The Center for Architecture Foundation’s 2010 President, Jean Parker Phifer, FAIA, LEED AP, specializes in planning, restoration, and sustainable design projects for cultural institutions. She has designed and restored numerous buildings, monuments, public spaces, and landscapes, primarily in New York. Phifer is an adjunct associate professor of Environmental Design at New York University, and served as the President of the NYC Art Commission, now the Public Design Commission, from 1998-2003. She is the author of Public Art New York (Norton, 2009).
Glenda Reed, Operations Manager at the Center for Architecture Foundation, spoke with Phifer about her visions for design education in the coming year.
Glenda Reed: What excites you about the Center for Architecture Foundation?
Jean Parker Phifer: I am delighted that the foundation reaches thousands of children, teenagers, and adults to develop skills in visual literacy, and to broaden their grasp of how design issues can impact their mental and physical well-being. We are helping the citizens of the future to craft their environment in a positive way.
GR: Why do you think design education is important?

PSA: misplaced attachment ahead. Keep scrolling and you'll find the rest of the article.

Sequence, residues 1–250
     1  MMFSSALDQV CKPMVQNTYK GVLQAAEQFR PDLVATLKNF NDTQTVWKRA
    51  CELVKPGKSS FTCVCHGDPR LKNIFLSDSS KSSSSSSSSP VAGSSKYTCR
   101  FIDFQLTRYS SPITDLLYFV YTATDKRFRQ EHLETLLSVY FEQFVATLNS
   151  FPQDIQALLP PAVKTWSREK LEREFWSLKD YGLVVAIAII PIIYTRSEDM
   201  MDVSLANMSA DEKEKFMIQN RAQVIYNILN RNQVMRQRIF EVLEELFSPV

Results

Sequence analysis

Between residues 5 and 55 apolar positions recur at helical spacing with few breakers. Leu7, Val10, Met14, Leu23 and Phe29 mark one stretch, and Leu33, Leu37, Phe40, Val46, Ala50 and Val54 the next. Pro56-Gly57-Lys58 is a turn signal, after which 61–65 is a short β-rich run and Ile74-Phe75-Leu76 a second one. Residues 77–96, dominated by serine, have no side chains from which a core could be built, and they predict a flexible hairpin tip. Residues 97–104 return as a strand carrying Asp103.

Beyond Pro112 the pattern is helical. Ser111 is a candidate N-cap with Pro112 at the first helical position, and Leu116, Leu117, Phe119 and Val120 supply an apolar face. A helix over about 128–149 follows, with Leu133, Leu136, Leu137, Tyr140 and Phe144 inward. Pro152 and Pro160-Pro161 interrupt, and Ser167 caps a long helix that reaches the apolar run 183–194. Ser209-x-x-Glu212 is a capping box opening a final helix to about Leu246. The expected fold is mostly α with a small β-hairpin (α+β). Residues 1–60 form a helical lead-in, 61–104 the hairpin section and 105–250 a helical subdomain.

JPP: Design education is more important now than ever, since our daily lives are shaped increasingly by the built environment. Helping people of all ages to understand and interpret this environment gives them the tools they need to participate in planning and design efforts to improve their communities in innumerable ways, from enhancing neighborhood vitality to designing new public facilities and parks.
GR: What are your goals as President of the Foundation in 2010?
JPP: In the next year we will partner with the AIANY Chapter to increase funding for programs, lectures, and exhibitions at the Center for Architecture, and we plan to enlarge the reach of our educational programs both in schools and at the Center. We also plan to build a larger membership base for the Center, reaching beyond the architectural community to draw in a larger audience interested in design and planning issues in NYC.